Gore's Rebuttal Rebutted
The NY Times recently published an article called "From a Rapt Audience, a Call to Cool the Hype."
But part of his scientific audience is uneasy. In talks, articles and blog entries that have appeared since his film and accompanying book came out last year, these scientists argue that some of Mr. Gore’s central points are exaggerated and erroneous. They are alarmed, some say, at what they call his alarmism.
It would now appear that this article - about alarmists being alarmed at Gore's alarmism - is itself, (you guessed it) alarmist and inaccurate. I am not an expert on climate change and would guess that few readers of this blog are. We try to be informed and listen to reasoned arguments. Most of us tend to distrust popular science exercises done by former politicians like Gore.
Nonetheless, many of us have found Gore's presentation to be mostly accurate. I remain most confused about the sea level issue. I have heard that his estimates of sea level are at odds with what most scientists believe - but I have also heard that this aspect of climate science is presently the area with the highest uncertainty.
But when I read an article by William Broad in the NY Times that casts broad doubt on his presentation, it alarms me more than when I read similar reports from groups that are funded by ExxonMobil (duh).
Now it appears that William Broad's article was significantly off the mark. Real Climate has offered a thorough debunking of that article.
The first rule when criticizing popular science presentations for inaccuracies should be to double check any 'facts' you use. It is rather ironic then that William Broad's latest piece on Al Gore plays just as loose with them as he accuses Gore of doing.
I found their discussion of the extreme weather event issue to be particularly salient:
This is dishonest in at least two different ways. First of all, Broad conveniently forgets to mention that the 2006 Hurricane season was accompanied by a moderate El Nino event. It is well known that El Nino events, such as the 2006 El Nino, tend to be associated with stronger westerly winds aloft in the tropical Atlantic, which is unfavorable for tropical cyclone development. The season nonetheless produced a greater than average number of named storms in the tropical Atlantic (10), 3 more than the typical El Nino year. But El Ninos come and go--more or less randomly--from year to year. The overall trend in named tropical Atlantic storms in recent decades is undeniably positive. We can have honest debates about the long-term data quality, but not if we start out by misrepresenting the data we do have, as Broad chooses to.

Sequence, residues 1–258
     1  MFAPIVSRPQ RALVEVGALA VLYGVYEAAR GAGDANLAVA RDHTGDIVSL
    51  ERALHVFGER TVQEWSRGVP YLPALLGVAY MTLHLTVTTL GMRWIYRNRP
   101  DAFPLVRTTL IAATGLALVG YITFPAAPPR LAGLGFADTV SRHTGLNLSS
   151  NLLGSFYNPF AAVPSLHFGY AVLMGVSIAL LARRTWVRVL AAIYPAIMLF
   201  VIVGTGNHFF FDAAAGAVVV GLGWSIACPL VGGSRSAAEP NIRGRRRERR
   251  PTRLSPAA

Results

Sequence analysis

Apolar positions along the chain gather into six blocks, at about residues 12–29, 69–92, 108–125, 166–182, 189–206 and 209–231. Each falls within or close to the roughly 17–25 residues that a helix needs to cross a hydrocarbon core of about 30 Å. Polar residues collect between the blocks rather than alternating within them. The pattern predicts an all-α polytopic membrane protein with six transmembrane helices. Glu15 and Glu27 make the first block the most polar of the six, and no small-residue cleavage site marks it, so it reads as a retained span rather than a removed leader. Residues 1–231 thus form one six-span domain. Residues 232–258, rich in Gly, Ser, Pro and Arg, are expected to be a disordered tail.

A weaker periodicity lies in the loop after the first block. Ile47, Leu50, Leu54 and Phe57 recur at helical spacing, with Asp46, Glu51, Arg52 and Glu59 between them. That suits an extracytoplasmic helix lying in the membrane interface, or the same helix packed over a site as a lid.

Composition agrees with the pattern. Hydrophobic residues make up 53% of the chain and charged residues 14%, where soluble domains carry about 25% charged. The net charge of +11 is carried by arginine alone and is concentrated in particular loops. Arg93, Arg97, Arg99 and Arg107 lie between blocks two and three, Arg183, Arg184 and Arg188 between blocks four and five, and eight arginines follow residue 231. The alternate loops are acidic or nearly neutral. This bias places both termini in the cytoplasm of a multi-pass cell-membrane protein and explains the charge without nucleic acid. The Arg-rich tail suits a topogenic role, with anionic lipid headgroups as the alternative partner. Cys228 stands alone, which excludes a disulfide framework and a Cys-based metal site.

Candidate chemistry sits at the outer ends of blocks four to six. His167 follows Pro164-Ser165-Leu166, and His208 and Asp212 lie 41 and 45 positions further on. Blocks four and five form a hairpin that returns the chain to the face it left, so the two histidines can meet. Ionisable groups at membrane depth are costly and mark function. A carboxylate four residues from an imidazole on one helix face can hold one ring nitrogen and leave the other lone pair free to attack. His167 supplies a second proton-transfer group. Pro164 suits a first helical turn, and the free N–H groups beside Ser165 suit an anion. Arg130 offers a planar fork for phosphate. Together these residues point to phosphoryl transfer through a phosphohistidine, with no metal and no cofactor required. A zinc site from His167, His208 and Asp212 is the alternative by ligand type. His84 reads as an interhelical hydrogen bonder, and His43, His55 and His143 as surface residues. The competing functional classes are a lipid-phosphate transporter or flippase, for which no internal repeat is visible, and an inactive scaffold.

I would have thought that Broad's editor (he does have one, right) would have done a little bit of fact checking on a topic with so much hype and obfuscation. It would appear that the editor did not exercise due diligence by quoting non-credible people:
Roy Spencer, best known for his satellite work arguing against warming of the atmosphere (which turns out to have been an artifact of a combination of algebraic and sign errors), criticizes Gore for pointing out that recent warmth appears to be anomalous in at least the past 1000 years. Spencer does this by both mis-characterizing the recent National Academies Report on the subject which indeed pointed out that there are numerous lines of evidence for precisely this conclusion, and by completely ignoring the recently-released IPCC Fourth Assessment report, which draws the stronger conclusion that the warmth of recent decades is likely anomalous in at least the past 1300 years.
At any rate, I remain frustrated by how difficult it is to find honest discussions of what is reliable information and what remains mostly unknown. While there are always uncertainties, I wish I had a better understanding of what "most" scientists believe right now on issues like sea level rise. While the IPCC report is supposed to offer this, my understanding is that it is simultaneously the alarmist work of a bunch of U.N. kooks and a massive understatement by U.S. government stooges.